After spending months staring at the electoral map and trying to puzzle out which states might go for President Obama, which for Mitt Romney and by how much, we thought it was worth sorting through the actual results to find the 10 states where the two men ran closest.
Before we get to the list of states, a few fun facts:
* Of the 10 states, Obama won nine of them. (North Carolina was the lone Romney victory.)
* Only one -- Florida -- appears likely to be decided by less than a single percentage point. (At the moment, Obama leads Romney by 0.6 percent with 99 percent of precincts reporting.) That's a change from 2008 when three states were decided by less than a point: Missouri (0.1 percent), North Carolina (0.4 percent) and Indiana (0.9 percent).
* Of the three states where Romney pledged to expand the map -- Michigan, Minnesota and Pennsylvania -- only one (Pennsylvania) makes our top 10 closest races. In Michigan, Obama won by 8.5 points, while he carried Minnesota by 7.6 points.
Without further ado, here are our top 10 closest states, ranked from narrowest margin -- by percentage -- to widest. If less than 100 percent of precincts are reporting in a state, according to the Associated Press, that is noted in parentheses.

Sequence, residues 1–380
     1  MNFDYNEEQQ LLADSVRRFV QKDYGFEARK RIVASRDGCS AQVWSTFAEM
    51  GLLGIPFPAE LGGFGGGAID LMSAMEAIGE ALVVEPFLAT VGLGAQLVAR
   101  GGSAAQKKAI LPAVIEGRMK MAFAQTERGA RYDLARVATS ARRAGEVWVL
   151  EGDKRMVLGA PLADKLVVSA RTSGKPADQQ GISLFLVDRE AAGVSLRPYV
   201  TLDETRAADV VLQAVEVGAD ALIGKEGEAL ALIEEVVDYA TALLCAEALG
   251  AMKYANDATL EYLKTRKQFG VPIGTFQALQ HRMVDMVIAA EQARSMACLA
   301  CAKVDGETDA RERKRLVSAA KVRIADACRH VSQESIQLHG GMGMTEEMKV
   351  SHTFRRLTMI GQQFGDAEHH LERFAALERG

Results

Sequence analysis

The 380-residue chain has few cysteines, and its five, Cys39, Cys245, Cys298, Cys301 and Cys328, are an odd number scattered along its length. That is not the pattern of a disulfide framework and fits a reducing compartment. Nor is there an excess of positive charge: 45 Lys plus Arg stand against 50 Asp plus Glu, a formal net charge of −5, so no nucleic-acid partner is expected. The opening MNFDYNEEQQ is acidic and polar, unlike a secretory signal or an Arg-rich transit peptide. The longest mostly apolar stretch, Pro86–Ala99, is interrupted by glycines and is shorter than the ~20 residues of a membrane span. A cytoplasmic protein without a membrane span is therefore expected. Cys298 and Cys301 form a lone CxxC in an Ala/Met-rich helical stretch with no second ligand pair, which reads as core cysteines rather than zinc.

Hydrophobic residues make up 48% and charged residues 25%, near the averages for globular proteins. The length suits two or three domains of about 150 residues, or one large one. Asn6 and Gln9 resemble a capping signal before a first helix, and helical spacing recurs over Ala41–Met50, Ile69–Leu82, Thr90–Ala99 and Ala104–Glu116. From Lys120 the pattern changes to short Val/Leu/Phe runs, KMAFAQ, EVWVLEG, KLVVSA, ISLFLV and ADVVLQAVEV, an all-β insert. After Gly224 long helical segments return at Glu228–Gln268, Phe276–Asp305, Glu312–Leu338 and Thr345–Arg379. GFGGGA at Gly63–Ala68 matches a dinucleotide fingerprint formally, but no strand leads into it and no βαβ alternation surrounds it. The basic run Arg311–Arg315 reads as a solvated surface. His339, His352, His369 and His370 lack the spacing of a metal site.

1. Florida: 0.6 percent (Obama 49.9, Romney 49.3.)
2. Ohio: 1.9 percent (Obama 50.1, Romney 48.2)
3. North Carolina: 2.2 percent (Romney 50.6, Obama 48.4)
4. Virginia (99% reporting): 3.0 percent (Obama 50.8, Romney 47.8)
5. Colorado: 4.7 percent (Obama 51.2, Romney 46.5)
6. Pennsylvania (99% reporting): 5.2 percent (Obama 52, Romney 46.8)
7. Iowa: 5.6 percent (Obama 52.1, Romney 46.5)
8. New Hampshire (99% reporting): 5.8 percent (Obama 52.2, Romney 46.4)
9. Nevada (99% reporting): 6.6 percent (Obama 52.3, Romney 45.7)
10. Wisconsin: 6.7 percent (Obama 52.8, Romney 46.1)
The future of compromise: So the government of 2013 will look a lot like the government of 2012 and 2011, but will there be more compromise?
We're getting conflicting signals.
One potentially major shift is House Speaker John Boehner (R-Ohio) saying his party may be open to revenue (read: tax) increases as a part of budget dealing.
"For purposes of forging a bipartisan agreement that begins to solve the problem, we’re willing to accept new revenue, under the right conditions," Boehner said Wednesday.
That statement stands in stark contrast to the GOP's usual tack, which is "no new taxes, period." At a GOP presidential debate earlier this year, all the candidates were asked whether they would accept a budget deal with $10 in spending cuts for every $1 in tax increases, and every one of them said they would turn it down.
Boehner's comments are sure to cause some controversy in the no-new-taxes bloc of the GOP (a sizable bloc), which has threatened GOP incumbents in primaries when they haven't fallen in line.
Meanwhile, Senate Majority Leader Harry Reid (D-Nev.) said, "I'll dance."
But two other major players weren't as kumbaya about the whole thing.